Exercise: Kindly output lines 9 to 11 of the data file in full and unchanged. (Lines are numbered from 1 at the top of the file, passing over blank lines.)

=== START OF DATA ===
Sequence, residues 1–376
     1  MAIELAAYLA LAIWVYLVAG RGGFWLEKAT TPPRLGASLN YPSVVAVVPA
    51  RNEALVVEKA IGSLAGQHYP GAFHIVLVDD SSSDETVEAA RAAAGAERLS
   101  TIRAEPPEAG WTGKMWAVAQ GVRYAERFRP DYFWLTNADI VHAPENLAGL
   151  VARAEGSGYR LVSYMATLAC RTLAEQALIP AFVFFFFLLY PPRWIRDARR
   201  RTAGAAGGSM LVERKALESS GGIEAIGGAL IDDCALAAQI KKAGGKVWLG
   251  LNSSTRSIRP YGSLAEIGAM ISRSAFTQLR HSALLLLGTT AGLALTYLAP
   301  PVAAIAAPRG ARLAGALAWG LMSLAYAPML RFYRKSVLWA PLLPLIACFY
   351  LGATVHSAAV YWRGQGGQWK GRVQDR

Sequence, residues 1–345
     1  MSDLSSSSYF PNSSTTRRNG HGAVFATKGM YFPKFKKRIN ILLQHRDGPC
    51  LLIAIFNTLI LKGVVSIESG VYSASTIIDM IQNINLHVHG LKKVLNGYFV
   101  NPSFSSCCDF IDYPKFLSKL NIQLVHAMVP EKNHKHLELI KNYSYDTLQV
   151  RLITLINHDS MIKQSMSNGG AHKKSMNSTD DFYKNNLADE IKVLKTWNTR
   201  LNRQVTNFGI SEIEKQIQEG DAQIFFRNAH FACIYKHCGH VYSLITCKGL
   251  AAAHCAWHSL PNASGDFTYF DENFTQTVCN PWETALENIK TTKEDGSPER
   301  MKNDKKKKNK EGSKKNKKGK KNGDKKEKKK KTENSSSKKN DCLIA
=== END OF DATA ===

   351  LGATVHSAAV YWRGQGGQWK GRVQDR

Sequence, residues 1–345
     1  MSDLSSSSYF PNSSTTRRNG HGAVFATKGM YFPKFKKRIN ILLQHRDGPC